Netherlands not exactly welcoming entrepreneurial expats

Published:  10 Oct at 6 PM
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For years, the Netherlands has been known for its entrepreneurial culture, but would-be self-employed expats are experiencing real problems getting residency visas for their start-ups.

Local entrepreneurs in the Netherlands are playing a huge part in growing the economy by providing new jobs as well as innovative ideas and generally benefiting their country of residence. That said, it’s increasingly difficult for expat entrepreneurs to even get a foothold in the country, let alone a residence permit which will enable them to start their own businesses.

This fact is hard to explain as well as frustrating for expats involved in attempting to legalise themselves in order to put their ideas into practice. Many who’ve entered the Netherlands due to a job with a local company have attempted to transfer their residency permit to its equivalent for self-employed expat workers, only to be met with a resounding refusal.

Two years ago, it seemed the situation might get easier with the introduction of more supportive laws applying to innovative start-ups from overseas. Even so, for new arrivals with brilliant ideas, the requirement to have a Dutch facilitator with at least two years’ experience in helping start-ups can be tricky to fulfil, and demonstrating the service or product is truly innovative has its own problems.

Entrepreneurs must have their ideas or products assessed by the Netherlands Enterprise Agency and, should they have already started a company, they will be given a swift reply before their legal stay of less than three months expires. Actually starting a company in the hope the authorities will approve of their offerings before they’re forced to leave doesn’t seem to encourage new ideas. Only a few dozen residence permits have actually been granted to entrepreneurial expats since the new laws were introduced, with the number representing just three per cent of the total number of applicants.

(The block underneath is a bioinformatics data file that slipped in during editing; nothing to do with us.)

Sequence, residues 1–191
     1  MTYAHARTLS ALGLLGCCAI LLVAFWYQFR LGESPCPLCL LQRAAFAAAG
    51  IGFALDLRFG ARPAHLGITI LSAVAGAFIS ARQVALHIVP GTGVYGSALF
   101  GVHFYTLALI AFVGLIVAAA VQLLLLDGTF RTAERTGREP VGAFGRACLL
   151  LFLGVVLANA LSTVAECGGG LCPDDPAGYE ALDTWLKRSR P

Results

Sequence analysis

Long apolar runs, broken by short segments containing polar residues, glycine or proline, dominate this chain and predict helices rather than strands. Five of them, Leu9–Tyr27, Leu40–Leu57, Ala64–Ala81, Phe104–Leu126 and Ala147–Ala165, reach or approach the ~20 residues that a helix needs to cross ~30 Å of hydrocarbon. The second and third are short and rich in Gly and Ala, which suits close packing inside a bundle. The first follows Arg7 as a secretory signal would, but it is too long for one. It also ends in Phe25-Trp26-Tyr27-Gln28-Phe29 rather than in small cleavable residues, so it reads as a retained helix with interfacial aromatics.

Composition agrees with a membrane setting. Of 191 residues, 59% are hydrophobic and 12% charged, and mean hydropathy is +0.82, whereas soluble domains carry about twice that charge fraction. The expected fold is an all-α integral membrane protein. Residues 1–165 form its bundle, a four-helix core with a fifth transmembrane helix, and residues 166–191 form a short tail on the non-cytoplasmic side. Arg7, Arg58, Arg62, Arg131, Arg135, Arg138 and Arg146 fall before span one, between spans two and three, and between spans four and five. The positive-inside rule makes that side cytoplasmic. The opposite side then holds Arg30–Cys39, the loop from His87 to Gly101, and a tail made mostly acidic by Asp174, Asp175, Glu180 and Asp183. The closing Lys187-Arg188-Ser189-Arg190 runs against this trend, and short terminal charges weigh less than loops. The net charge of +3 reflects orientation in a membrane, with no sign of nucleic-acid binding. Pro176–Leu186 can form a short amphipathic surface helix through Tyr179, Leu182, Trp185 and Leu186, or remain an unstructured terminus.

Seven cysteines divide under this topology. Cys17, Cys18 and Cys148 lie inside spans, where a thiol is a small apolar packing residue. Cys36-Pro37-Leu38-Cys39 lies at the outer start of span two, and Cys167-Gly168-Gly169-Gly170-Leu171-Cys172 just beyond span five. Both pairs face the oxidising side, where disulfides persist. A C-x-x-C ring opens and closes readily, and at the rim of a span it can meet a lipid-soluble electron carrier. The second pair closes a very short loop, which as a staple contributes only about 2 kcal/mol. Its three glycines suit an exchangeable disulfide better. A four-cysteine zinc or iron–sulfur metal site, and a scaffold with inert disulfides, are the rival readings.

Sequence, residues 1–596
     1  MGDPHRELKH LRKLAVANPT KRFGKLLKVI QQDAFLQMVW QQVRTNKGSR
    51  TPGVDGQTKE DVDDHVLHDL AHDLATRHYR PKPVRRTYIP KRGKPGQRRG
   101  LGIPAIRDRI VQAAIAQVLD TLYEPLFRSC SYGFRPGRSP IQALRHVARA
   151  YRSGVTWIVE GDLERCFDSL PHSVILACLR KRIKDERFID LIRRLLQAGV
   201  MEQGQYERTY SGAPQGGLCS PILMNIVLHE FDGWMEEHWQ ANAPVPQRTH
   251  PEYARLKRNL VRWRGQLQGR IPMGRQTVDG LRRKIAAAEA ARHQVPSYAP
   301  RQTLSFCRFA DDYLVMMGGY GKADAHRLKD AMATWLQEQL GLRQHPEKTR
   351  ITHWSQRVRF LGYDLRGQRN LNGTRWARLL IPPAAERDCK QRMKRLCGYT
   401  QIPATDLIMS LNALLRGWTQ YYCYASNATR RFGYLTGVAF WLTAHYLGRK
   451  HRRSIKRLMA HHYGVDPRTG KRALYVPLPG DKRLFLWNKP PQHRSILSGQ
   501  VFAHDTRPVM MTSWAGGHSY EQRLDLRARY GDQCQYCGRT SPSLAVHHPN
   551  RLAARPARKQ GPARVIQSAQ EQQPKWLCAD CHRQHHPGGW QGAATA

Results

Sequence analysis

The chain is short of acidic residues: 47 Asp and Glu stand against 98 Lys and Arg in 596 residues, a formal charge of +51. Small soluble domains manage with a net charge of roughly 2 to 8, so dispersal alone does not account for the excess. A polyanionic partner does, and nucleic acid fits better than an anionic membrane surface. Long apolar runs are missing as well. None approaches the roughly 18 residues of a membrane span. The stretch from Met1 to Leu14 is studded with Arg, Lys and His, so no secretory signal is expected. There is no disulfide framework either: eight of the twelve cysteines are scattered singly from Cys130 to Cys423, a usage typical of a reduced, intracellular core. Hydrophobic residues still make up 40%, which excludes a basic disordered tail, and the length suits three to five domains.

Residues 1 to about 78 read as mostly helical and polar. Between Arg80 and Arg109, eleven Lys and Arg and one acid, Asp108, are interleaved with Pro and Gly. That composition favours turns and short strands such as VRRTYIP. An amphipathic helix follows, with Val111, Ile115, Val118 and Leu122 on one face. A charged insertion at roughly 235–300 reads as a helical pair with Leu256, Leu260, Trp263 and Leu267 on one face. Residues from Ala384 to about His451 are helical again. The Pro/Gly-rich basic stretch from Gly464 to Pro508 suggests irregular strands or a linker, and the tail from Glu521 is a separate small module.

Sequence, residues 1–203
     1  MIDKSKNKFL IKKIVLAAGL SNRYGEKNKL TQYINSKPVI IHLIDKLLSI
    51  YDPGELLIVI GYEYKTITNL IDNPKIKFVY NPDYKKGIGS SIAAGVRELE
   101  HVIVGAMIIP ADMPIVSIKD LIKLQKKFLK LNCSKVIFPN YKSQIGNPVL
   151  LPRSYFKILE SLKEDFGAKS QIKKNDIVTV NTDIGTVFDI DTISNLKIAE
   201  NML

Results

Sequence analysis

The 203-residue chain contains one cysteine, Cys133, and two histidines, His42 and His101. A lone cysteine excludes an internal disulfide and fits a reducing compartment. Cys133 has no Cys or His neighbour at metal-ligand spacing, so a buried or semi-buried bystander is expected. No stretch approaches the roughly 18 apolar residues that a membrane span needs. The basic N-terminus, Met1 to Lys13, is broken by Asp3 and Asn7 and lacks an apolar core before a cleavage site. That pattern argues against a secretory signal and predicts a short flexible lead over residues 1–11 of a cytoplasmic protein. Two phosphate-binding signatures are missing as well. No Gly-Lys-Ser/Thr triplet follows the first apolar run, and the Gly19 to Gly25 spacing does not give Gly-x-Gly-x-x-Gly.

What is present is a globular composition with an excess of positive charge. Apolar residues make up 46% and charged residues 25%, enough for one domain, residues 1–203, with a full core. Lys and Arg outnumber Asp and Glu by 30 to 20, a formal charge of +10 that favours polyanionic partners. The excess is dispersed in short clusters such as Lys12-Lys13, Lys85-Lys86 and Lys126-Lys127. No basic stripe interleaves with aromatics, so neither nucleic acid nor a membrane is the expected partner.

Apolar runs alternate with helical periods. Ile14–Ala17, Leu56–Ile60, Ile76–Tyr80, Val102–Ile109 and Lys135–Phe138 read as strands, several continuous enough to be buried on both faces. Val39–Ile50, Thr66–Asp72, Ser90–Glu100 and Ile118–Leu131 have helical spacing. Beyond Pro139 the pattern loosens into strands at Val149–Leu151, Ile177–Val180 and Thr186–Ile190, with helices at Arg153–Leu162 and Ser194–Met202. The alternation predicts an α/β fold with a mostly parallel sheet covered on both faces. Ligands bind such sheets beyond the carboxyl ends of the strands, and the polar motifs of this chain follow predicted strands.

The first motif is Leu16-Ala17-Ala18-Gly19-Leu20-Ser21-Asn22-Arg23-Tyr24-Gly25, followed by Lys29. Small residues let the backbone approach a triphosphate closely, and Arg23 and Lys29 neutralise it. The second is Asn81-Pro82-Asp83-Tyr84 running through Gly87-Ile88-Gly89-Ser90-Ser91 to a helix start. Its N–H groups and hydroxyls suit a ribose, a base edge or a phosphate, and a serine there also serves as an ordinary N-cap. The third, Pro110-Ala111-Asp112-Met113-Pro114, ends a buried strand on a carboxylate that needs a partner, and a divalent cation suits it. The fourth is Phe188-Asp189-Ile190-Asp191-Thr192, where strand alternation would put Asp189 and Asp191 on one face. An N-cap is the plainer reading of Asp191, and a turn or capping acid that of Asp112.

Another way to break into innovative business here is the points-based system aimed at foreign entrepreneurs. A total of three categories are used for assessment, with the first dependent on experience, knowledge and ties to the country. The second is dependent on the type of company, product or service to be provided and includes an assessment of the financial position and organisation of the business. The third category rests on added value and applicants must show investments and job creation plans. To be successful, applicants need to have at least 30 points overall or at least 45 points in the first two categories.
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